PowerMac in the store

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Apple Power Macintosh G4 (Graphite)

The original Power Mac G4 was unveiled at the Seybold conference in San Francisco on August 31st, 1999. Apple originally planned to deliver the 500 MHz configuration in October 1999 but was forced to postpone it due to poor processor performance. Apple solved the performance problem by lowering the processor clock speed in each configuration by 50 MHz (creating options for 350 MHz, 400 MHz and 450 MHz). This move caused some controversy as Apple did not lower the original prices.

Two variants have appeared on sale, officially named Power Mac G4 (AGP graphics) with 400 MHz, 450 MHz, and 500 MHz configurations available, and Power Mac G4 (PCI graphics card) with 350 MHz and 400 MHz configurations.

One of the curiosities about this model was the recognition of PowerMac G4 by the American administration as a „supercomputer.” As a result, US authorities restricted its export to countries deemed by the American government „dangerous.”

Apple used this fact in the first PowerMac ads in a rather humorous way. Commercials suggested that it was such a powerful machine that it had to be defended by the military.

The original Power Mac G4, codenamed „Yikes!” has borrowed a lot from its „blue and white” Power Mac G3. The first PowerMac G4 was called „graphite” due to the housing color similar to the iMac G3 Graphite. The basic design was the same as the G3, including plastic handles and side doors that opened to allow easy access to the machine’s internal components.

There were more borrowings. The 400 MHz (later 350 MHz) PCI-based version used a motherboard identical to Power Macintosh G3 computers, including the Zero Insertion Force (ZIF) processor sockets (without ADB).

The $2499 450 MHz model was downgraded to 400 MHz, and the $3499 500 MHz model was reduced to 450 MHz. The price and all other specifications were the same.

The PCI variant was discontinued in late 1999.

The higher-speed models, codenamed „Sawtooth,” used a significantly modified motherboard design with AGP 2x graphics (replacing the 66MHz PCI slot).

The 500 MHz version was reintroduced on February 16th, 2000, together with the 400 MHz and 450 MHz models. DVD-RAM and Zip drives came in later 450 MHz and 500 MHz versions and were an option at 400 MHz.

The Power Mac G4 (Gigabit Ethernet) model was unveiled at Macworld Expo in New York on July 19th, 2000. The new release included two 450 MHz and 500 MHz processors and a low-end model with a single 400 MHz processor.

Apple Power Macintosh G4 (Graphite)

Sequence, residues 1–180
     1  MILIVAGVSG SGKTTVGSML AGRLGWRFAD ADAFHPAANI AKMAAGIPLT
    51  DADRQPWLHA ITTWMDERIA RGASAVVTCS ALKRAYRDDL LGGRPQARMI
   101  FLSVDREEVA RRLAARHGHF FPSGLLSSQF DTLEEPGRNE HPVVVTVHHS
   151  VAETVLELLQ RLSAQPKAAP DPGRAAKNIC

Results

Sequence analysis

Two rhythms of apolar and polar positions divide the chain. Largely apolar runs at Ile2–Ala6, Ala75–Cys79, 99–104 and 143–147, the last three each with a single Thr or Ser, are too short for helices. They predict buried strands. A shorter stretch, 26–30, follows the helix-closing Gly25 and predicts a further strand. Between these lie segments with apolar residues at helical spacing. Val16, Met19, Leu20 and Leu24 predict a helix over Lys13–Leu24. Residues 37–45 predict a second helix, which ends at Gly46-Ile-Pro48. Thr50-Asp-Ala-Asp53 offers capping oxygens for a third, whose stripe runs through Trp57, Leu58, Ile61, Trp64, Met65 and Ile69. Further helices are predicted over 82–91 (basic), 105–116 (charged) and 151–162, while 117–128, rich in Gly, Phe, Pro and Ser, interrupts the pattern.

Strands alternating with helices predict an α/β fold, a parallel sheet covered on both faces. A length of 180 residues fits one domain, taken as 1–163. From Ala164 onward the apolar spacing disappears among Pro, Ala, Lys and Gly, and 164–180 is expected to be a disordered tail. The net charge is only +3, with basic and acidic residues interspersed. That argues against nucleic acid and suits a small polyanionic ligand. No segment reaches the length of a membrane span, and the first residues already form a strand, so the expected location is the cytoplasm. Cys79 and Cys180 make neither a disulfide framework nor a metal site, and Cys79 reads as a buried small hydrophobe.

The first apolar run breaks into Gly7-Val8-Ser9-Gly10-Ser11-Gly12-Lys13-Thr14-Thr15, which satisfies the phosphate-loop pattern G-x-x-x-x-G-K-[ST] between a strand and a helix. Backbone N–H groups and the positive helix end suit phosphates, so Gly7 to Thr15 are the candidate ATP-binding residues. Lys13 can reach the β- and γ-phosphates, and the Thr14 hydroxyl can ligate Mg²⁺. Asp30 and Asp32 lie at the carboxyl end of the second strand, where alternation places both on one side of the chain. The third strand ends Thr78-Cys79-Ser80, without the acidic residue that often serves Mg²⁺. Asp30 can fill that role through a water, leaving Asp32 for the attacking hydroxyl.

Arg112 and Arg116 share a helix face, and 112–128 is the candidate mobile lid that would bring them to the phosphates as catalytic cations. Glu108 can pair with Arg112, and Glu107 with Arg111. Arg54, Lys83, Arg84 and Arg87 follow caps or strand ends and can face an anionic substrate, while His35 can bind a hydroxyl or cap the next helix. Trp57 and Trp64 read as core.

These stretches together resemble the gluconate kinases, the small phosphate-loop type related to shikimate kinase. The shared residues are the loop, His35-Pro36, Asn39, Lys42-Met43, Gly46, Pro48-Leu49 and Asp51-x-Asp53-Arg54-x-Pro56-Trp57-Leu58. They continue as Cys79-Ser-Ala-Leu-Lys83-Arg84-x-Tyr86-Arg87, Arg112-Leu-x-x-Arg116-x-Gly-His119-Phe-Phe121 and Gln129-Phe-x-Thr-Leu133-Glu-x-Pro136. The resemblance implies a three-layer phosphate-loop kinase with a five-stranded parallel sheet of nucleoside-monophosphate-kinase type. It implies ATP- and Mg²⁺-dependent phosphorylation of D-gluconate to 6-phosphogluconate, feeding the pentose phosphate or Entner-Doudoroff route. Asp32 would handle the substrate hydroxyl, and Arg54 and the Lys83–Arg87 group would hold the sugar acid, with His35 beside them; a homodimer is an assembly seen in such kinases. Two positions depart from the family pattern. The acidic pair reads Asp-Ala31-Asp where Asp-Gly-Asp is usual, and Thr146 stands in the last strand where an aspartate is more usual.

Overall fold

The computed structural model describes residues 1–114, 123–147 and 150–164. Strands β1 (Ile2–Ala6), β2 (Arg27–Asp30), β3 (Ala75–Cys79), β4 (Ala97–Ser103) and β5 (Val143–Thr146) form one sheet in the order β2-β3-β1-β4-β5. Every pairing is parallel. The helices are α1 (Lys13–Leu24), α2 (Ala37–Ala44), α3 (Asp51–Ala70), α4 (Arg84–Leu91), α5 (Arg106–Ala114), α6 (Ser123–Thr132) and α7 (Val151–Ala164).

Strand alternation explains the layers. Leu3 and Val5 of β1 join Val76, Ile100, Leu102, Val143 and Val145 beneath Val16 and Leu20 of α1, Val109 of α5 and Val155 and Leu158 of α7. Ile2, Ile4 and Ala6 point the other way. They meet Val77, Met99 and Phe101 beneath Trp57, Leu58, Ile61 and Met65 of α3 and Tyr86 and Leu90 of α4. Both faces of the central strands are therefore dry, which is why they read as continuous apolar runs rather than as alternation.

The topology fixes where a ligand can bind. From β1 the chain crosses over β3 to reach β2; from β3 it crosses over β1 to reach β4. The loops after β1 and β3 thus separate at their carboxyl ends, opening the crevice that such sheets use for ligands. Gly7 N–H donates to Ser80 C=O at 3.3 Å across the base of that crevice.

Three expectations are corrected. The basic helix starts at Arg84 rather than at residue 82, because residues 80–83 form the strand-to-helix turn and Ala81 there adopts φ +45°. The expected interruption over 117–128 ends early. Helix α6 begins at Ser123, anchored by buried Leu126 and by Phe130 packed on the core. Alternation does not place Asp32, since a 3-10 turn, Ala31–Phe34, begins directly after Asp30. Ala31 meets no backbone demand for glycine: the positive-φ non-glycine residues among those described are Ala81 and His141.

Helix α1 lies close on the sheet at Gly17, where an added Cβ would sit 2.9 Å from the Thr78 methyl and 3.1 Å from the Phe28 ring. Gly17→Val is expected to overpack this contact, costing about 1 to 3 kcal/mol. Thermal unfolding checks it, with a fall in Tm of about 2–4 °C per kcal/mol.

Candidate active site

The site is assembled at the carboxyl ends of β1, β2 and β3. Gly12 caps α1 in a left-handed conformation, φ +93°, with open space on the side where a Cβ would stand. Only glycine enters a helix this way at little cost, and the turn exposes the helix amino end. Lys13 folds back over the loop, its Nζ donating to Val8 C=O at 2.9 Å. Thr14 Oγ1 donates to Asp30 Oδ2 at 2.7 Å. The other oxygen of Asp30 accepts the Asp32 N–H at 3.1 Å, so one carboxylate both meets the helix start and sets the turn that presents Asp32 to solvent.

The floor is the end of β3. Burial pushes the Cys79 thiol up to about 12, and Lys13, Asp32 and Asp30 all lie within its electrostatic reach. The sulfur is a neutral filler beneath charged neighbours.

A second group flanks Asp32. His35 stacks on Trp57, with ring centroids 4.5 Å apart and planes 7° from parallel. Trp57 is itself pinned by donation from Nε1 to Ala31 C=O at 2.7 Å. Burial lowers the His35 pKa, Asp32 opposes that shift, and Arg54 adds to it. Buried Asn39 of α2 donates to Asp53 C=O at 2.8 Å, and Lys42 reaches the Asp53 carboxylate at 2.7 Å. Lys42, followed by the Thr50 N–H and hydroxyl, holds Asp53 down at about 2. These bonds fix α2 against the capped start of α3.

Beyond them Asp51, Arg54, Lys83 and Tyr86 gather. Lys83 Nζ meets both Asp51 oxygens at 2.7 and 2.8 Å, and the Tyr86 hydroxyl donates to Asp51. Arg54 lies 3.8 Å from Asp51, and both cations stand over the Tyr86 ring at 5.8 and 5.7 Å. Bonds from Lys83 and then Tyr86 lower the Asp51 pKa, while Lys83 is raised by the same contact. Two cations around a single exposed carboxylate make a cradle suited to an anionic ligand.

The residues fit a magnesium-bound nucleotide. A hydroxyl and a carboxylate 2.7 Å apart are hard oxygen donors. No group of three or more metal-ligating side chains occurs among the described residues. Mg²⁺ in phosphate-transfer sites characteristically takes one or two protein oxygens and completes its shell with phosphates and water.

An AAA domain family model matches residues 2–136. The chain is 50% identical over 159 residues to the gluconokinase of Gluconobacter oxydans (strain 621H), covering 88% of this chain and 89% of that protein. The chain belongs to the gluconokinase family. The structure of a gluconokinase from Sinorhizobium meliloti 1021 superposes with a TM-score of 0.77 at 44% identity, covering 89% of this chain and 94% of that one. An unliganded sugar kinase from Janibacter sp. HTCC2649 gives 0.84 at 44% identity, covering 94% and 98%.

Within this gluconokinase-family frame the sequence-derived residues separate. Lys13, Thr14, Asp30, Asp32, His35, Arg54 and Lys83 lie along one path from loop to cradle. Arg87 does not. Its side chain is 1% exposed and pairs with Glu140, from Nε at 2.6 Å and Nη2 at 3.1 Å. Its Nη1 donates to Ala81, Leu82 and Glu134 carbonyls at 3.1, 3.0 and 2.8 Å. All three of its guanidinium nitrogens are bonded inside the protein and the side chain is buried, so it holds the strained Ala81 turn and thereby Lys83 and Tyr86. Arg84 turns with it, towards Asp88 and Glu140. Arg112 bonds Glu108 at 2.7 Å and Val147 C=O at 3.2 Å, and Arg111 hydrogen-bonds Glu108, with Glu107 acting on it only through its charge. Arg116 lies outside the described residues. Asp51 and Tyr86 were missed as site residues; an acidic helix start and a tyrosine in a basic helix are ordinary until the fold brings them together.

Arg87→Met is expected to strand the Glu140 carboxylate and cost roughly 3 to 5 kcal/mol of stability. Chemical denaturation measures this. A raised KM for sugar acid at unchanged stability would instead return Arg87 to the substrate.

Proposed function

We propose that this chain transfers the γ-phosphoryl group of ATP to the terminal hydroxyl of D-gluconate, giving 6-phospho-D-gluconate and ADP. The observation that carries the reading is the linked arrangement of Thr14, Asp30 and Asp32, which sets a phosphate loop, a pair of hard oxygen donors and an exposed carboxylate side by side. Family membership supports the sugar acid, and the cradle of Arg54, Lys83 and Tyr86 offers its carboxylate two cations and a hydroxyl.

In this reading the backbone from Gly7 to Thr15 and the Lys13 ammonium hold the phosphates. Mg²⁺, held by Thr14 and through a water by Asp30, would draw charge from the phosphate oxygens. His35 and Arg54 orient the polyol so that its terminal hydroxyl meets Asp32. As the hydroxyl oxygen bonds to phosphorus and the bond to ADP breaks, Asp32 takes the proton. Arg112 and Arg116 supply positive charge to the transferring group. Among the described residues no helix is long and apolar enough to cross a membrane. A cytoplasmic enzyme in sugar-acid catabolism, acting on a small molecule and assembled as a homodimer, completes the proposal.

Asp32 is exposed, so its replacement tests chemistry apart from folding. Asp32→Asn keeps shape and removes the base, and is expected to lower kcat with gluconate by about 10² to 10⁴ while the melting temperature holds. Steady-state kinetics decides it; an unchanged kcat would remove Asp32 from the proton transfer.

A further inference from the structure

It was also the first personal computer to come with Gigabit Ethernet as standard. Most people saw this version as a temporary release. G4 with higher clock speeds were not available; the PCI controller (Motorola XPC107) prevented the G4 from reaching clock rates higher than 500 MHz.

The dual 500 MHz model was equipped with DVD-RAM optical drives. Zip drives were optional on all models. The proprietary Apple Display Connector video port has also been introduced on these models.

Size and weight:

The computer’s size did not differ from its predecessor (Power Macintosh G3) and was 17.0 x 8.9 x 18.4 inches (43.2 cm, 22.6 cm, 46.7 cm). The computer weighed approximately 30.0 pounds (13.6 kg), depending on the configuration.


The first model was introduced at $2,499 (M7232LL / A), then the price was increased to $3,499 on October 13, 1999 (M7825LL / A and M7825LL / B) and down again to $2,499 on February 16, 2000 (M7628LL / A) ).

The last model with a 733 MHz processor in the original configuration with a DVD-R / CD-RW „SuperDrive” was priced at $3,499 (M7681LL / A).


The greatest failure of this model is more about change managing. Collecting orders for computers with a 500 MHz clock rate and reducing it (due to technical problems) to 450 MHz had a long impact on the overall rating, even though Apple tried to reward users for this disappointment.


It was one of the shortest production models of desktop computers – 2 years of production, which finally ended on January 9th, 2001.

Although the computer’s capabilities were high, opinions about it were mixed. It was not a failed construction, but the initial problems and high expectations (after Apple’s announcements) caused the computer to sell well below expectations.

Its successor, the PowerMac G4 Quicksilver, presented on July 18th, 2001, was much more enthusiastically received.